For his third straight start, Kansas City Royals' presumptive ace Johnny Cueto struggled to keep the opposition off the basepaths. Battling command and seemingly unable to keep the ball low in the zone, the Detroit Tigers were able to spray balls to all fields, never really destroying Cueto's offerings but managing to find gaps in the defense just the same.
The bulk of the damage done to Cueto was done early.
In the first, Anthony
Gueuze Gose led off with a single, which Jarrod Dyson got back to the infield quickly. As Gose had rounded first, Alcides Escobar rifled a pick-off attempt back toward first base, but the throw was errant and moseyed on out of play and into the dugout, advancing the Tigers' lead-off man to third on the error.
Despite two one-out singles in the first inning, Cueto got out of the first with just the one earned run, thanks in part to a Miguel Cabrera memory lapse/bout of temporary amnesia in which he thought that he was fast enough to go first-to-third on a shallow fly ball to center. Jarrod Dyson calmly recorded his seventh outfield assist in just his 466th inning in the field this year because teams apparently haven't figured out that he has a deceptively strong arm.
The Royals escaped the top of the first down just 1 - 0.
Unfortunately, things did not go Johnny Cueto's way in the second either.
He started off yielding a single to Nick Castellanos and a double to Tyler Collins. James McCann grounded out to Omar Infante, but Castellanos scored on the out. Jose Iglesias followed the RBI ground-out with a RBI-single of his own before Cueto recorded the next two outs with ease, running the Tigers' lead to 3 - 0.
The Royals added a run off of Justin Verlander in the bottom of the second when Eric Hosmer reached on an Ian Kinsler fielding error, went first-to-third on a Kendrys Morales single, and came home on an Alex Gordon sacrifice fly.
Cueto worked around a lead-off single in the third, but the Royals failed to capitalize on a one-out walk from Jarrod Dyson, leaving the score 3 - 1 Detroit heading to the fourth.
The hit parade recommenced in the fourth for Detroit. Collins led things off with a double. James McCann ripped a liner back toward the mound. Cueto extended his glove out only to watch the ball carom off the glove to Omar Infante, who reversed course in time to field the ball and record the out at first while Collins advanced to third on the play. Facing a drawn-in infield, Jose Iglesias smoked a grounder to Alcides Escobar, who threw out Collins at the plate, preventing the fourth Detroit run at least for a few more plays.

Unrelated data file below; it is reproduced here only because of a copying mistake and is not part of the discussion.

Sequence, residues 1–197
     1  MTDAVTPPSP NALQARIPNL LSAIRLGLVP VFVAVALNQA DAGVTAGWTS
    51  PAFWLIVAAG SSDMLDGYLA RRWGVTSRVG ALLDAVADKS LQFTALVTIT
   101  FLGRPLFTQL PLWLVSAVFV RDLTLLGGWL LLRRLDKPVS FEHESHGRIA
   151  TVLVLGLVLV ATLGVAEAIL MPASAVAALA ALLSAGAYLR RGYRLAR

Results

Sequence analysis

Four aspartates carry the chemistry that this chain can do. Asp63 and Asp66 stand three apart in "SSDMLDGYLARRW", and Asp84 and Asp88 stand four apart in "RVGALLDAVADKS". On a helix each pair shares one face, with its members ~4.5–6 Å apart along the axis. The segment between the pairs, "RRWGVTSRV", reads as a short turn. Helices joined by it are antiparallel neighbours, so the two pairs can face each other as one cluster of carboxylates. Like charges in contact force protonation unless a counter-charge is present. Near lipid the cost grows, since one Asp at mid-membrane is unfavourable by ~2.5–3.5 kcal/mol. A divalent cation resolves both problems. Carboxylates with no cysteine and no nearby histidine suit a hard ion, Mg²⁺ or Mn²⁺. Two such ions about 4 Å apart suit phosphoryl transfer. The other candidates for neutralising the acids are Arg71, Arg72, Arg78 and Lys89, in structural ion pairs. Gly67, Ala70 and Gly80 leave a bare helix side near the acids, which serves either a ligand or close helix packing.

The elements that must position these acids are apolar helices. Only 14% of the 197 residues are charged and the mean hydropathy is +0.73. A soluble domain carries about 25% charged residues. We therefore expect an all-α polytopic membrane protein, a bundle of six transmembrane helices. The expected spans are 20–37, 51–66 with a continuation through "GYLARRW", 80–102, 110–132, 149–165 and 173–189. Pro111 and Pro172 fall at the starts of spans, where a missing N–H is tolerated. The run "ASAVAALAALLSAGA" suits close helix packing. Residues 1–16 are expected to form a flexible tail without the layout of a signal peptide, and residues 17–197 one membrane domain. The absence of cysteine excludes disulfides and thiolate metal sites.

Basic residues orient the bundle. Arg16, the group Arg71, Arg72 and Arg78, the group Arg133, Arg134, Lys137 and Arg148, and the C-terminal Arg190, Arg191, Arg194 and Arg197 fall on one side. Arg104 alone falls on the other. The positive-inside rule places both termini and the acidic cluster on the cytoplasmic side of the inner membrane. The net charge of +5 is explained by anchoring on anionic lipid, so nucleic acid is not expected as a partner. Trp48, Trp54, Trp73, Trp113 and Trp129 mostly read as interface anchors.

Unfortunately, Cueto hit Gose with the next pitch, moving Iglesias into scoring position. Kinsler singled The Churches in before Miguel Cabrera brought an end to the frame with a routine grounder to today's third baseman Ben Zobrist, who was giving Moustakas the day off on account of a tweaked hamstring.
After back-to-back backwards Ks from Lorenzo Cain and Eric Hosmer, Kendrys Morales hung majestic dong on a Verlander slider that didn't slide, sending it 443 feet to the bleachers in right-center. The matched runs in the fourth brought the score to 4 - 2 Detroit.
Oddly, Cueto sent down the Tigers with ease and in order in the fifth and sixth innings, leading many to look wistfully off into the night wondering what might have been were the entire night such a breeze.
Verlander worked around two bloop singles from Salvador Perez and Omar Infante to start the fifth and sent the Royals down in order in the sixth.
With the sixth being his final frame, Cueto struck out two, walked none, gave up nine hits, and allowed four earned runs. It was by no means a great start, but it was slightly less bad than his prior two outings.
Ned Yost brought in Miguel Almonte--who was called up earlier today when the rosters expanded--and by time he had faced his second major-league hitter, Almonte had coughed up an Anthony Gose single and a two-run homer courtesy of Ian Kinsler that was sent into the pen from whence he came.
Down 6 - 2, the Royals added two runs of their own in the bottom of the seventh, as Alex Gordon and Salvador Perez led off with a double and single, respectively, and were driven in by an Omar Infante grounder and an Alcides Escobar single that came at the end of a 2-for-29 skid for Escobar.
Jeremy Guthrie held down the fort in the eighth (and again in the ninth), and the Royals mounted another threat to the Tigers' lead--at this point just 6 - 4.
Lorenzo Cain's lead-off single looked as though it would be squandered as Hosmer flew out and Morales went down looking at a Blaine Hardy curve that dropped in and painted the inside corner. But Alex Gordon singled with two outs, putting Royals on the corners. Salvador Perez ripped a grounder right past defensive replacement Austin Romine--who expressed consternation at not having caught the ball that looked playable--scoring Cain and sending Gordon's pinch-runner Paulo Orlando to third. Terrance Gore entered to pinch-run for the brick-shoed Perez, but he was never able to leave his station at first as pinch-hitter Mike Moustakas grounded out to second to end the rally.
Trailing 6 - 5, Tigers' closer Bruce Rondon struck out Jarrod Dyson and induced a routine grounder to short from Alcides Escobar to start the ninth. Then Ben Zobrist worked a four-pitch walk and promptly stole second base, giving the Royals hope. Unfortunately, that hope was a false one, and Lorenzo Cain grounded out to Austin Romine at third to put an end to the rally and the game.
The loss drops the Royals to 80-51, meaning the Blue Jays and Yankees, both of whom had already won, gained ground on the Royals for best record in the American League, the deciding factor in who gets home-field advantage throughout the AL side of the playoffs. The Royals lead the Jays by 5.5 games and the Yankees by 7.0.